Finding Balance, on a Bike :: 3 Reasons to Love a Balance Bike

What is a balance bike?

A balance bike looks like a regular two-wheel bike, except it doesn’t have pedals. A kid sits on the seat and then uses their feet to push off the ground to make the bike move. Eventually, a child will push with enough momentum and coordination to pick up both feet and glide on two wheels.

These new-age bike inventions are great for toddlers. As kids grow, developing gross motor skills is an important part of their overall development. Gross motor movements involve large, stabilizing muscles that allow kids to walk, run, jump, climb, etc. These movements allow kids to become independent with everyday routines like getting dressed and maybe putting away one of the things they threw onto the floor today.

Aside from the developmental benefits of a balance bike, let’s be real. With two toddlers at home, I’m often desperate for any excuse to get us out of the house. Because biking is fun, it’s a pretty easy sell when I need a quick win and a quicker exit.

Why choose the balance bike?

If you’re looking for a set of wheels for your aspiring biker, there are a few options to consider. These include a tricycle, a balance bike, a “traditional” bike with training wheels, or a two-wheel bike with no training wheels. If you’re trying to decide which is right for you, here are 3 reasons why a balance bike may be a good option.

1. Your kid can use the same balance bike for years.

Balance bikes cater to a relatively wide age range (typically around 18 months to 6 years) and are much more adjustable than either a tricycle or a pedal bike. My daughter has had the same balance bike for over a year and a half, and it still fits her well. The bike has grown with her in more ways than one and has continued to hold her interest over time.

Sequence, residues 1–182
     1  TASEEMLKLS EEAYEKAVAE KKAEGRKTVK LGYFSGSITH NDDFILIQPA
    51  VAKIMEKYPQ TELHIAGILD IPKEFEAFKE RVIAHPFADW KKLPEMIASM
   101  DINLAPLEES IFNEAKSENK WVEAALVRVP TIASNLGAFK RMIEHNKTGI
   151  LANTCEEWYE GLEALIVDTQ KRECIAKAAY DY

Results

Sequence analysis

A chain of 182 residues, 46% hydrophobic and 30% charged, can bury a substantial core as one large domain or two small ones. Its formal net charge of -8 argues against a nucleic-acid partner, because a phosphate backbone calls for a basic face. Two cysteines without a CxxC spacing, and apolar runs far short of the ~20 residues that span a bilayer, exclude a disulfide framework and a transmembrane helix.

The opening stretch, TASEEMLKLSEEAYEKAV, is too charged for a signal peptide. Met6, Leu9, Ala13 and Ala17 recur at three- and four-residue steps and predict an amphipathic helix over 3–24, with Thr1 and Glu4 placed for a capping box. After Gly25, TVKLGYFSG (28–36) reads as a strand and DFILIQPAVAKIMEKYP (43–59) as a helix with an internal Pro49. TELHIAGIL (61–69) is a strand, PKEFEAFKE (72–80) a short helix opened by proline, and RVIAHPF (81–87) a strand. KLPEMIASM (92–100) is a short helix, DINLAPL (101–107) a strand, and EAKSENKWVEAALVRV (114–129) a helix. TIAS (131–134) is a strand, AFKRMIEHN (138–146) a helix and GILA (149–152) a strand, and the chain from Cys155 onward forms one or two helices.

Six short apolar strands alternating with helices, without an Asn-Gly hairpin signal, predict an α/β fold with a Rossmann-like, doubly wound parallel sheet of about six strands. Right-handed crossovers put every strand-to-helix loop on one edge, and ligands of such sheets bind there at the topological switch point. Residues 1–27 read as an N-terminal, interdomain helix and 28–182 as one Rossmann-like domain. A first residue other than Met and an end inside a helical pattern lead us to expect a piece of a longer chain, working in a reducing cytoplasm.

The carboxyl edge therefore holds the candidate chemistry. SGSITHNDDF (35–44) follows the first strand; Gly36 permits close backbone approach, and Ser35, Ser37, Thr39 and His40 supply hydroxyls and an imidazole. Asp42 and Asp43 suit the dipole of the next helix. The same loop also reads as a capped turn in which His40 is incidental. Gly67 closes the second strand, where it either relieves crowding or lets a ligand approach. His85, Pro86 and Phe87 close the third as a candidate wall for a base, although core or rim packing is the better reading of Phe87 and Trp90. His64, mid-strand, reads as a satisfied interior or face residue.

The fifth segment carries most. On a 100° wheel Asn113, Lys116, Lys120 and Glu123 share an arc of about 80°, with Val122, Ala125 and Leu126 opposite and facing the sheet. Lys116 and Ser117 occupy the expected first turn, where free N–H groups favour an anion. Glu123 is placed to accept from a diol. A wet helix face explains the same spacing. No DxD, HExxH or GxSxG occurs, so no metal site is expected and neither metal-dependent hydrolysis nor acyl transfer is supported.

2. Biking provides opportunities for safe risk-taking.

Young kids need opportunities to take risks. We spend a lot of time telling our kids what they aren’t allowed to do and play spaces these days tend to be highly controlled. Research shows that by allowing kids to take risks, they actually learn to manage those risks and ultimately make safer decisions. A balance bike provides opportunities for kids to navigate new situations, learn to make their own decisions, and develop confidence in themselves. (Note that risk does not mean danger; bikers should ALWAYS wear a helmet and only ride in traffic-safe areas. Check out Bike Easy for resources, including safety tips and recommended routes.)

3. Balance bikes prepare kids to skip the training wheels.

Around my daughter’s 4th birthday she was big enough for a two-wheel bike with pedals. Because she had become an expert balance biker, she was able to skip the training wheels stage. I honestly didn’t believe this would work, but with my husband’s steadfast optimism on the matter I figured it was worth a try. In no time at all she was pedaling, steering, and braking like a mini-pro.

Finding Balance

As a parent, I’m always trying to find balance — balance between the chaos, the tantrums, the mess, the missed bedtimes, and the favorite foods that my kids suddenly hate. I’m sure I’m making decisions every day that my kids will resent when they’re in high school. But just sometimes, there are moments when I think this whole parenting adventure is going ok. When my cautious child, my observer, takes her bike up a “hill” to zoom down it, I definitely panic, but I also feel a sense of… elusive, fleeting balance.

The Gear

If you’re looking for a balance bike with an awesome basket, this one is a great option. Make sure to find a well-fitting helmet to go with it. I’ve always had great experiences at our local bike stores, including Bayou Bicycles and GNO Cyclery, and both stores keep kids’ inventory in stock. As always, check out the New Orleans Mom Marketplace for great deals on pre-loved kid items.

Does your child love their balance bike? Please share your experiences in the comments below.

Maya lives in New Orleans with her husband, two daughters, and their beloved fur baby. She has 15 years of experience working in early childhood education, including roles in schools, local nonprofits, and state government. Maya currently works as a curriculum developer, where she gets to focus on one of her top interests, which is teaching reading. Her other top interests include her girls (of course), podcasts and audiobooks, anything outdoors in warm weather, and experimenting with new recipes.


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